The good news is: This Too Shall Pass.

Most of the new amputees I have had the honor of speaking with and mentoring have had the same fears and questions:

  • Life as I knew it is over.
  • I can’t even look at my limb.
  • Who am I now?
  • WHAT IF?: What if I can’t use a prosthetic, what if it hurts, what if people laugh, etc.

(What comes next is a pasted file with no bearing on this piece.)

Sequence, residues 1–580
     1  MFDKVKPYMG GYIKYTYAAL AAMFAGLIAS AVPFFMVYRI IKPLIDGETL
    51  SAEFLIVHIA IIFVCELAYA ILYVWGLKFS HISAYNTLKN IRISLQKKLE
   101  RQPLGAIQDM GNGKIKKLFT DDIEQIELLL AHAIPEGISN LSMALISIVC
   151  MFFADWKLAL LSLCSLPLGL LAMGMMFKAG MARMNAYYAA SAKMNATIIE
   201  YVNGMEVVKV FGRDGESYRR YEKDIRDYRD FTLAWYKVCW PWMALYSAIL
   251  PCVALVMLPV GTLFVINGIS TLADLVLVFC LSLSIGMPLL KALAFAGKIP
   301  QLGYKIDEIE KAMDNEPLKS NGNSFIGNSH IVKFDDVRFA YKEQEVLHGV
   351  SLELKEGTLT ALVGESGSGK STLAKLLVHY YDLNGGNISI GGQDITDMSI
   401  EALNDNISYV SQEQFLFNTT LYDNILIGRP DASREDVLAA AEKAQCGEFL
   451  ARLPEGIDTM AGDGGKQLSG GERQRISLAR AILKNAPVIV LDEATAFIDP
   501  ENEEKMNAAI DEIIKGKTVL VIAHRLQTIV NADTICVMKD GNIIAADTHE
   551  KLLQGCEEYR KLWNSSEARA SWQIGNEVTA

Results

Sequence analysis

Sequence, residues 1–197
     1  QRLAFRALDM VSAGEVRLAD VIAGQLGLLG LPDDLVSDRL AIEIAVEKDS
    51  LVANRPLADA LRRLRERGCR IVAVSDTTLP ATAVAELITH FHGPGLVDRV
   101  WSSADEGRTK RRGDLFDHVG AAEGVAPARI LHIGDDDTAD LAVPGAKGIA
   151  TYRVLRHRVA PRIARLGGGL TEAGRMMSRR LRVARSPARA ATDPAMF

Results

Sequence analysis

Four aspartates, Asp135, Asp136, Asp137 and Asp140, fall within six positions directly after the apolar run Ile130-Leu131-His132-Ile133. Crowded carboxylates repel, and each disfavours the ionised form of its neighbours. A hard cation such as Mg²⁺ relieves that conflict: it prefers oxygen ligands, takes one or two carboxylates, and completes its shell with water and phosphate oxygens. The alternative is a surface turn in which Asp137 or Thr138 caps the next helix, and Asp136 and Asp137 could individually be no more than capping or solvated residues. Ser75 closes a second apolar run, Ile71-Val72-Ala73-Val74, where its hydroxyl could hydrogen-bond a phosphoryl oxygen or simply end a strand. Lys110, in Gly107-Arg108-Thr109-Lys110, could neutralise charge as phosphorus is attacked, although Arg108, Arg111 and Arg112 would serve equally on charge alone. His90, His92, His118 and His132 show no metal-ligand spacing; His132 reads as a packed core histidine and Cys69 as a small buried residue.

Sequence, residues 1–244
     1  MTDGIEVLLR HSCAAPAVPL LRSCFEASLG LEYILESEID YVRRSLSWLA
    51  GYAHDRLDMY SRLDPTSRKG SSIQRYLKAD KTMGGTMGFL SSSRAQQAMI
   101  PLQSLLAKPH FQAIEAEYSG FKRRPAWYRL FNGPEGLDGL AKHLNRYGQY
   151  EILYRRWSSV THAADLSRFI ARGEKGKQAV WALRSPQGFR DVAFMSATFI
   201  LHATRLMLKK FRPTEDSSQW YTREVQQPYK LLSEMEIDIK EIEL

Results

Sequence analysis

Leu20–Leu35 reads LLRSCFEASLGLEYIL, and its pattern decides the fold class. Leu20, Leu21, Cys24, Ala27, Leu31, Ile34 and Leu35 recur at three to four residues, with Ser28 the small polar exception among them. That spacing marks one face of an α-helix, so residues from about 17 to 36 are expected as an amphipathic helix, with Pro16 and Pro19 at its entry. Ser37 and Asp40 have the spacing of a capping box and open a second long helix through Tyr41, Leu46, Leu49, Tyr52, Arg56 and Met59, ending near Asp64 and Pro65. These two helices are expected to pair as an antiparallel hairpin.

These are the four biggies that I have come across. More good news is that there are people out there to help you traverse this minefield of self-doubt and fear. I have come to see that there are two major types of fear in our lives: the fear that drives us and the fear that binds us. The first fear pushes us to tackle adversity and move forward with our lives. It’s the second type that requires a little more finesse. I remember, as a kid, looking over the edge of a mountainside in rural southwestern West Virginia, holding a grapevine in my hand and listening to the chants of my cousins telling me to swing. My two types of fear were having a full-blown brawl in my head. Part of me wanted to go for it and show them all how awesome I was. I’d go first on the vine and show that it was strong enough to hold us and that I’m not scared of anything. The paralyzing fear, on the other hand, had glued my feet to the ground. There were too many variables that could go wrong. I could get hurt. I could embarrass myself. Worst of all, if I fell and ripped my new jeans I’d get spanked AND grounded. The fight continued until I took a deep breath and went for it…and it was exhilarating. I was like Tarzan. I swung out over the edge of the hillside and back. It was my first memorable dose of adrenaline. I was hooked. The biggest part was taking that step—overcoming the fear of What If and stepping out. The second type of fear, the fear that binds us, has no place in your life. I’m not saying that you should take every risk that comes your way, but you have to let go of the What If mentality.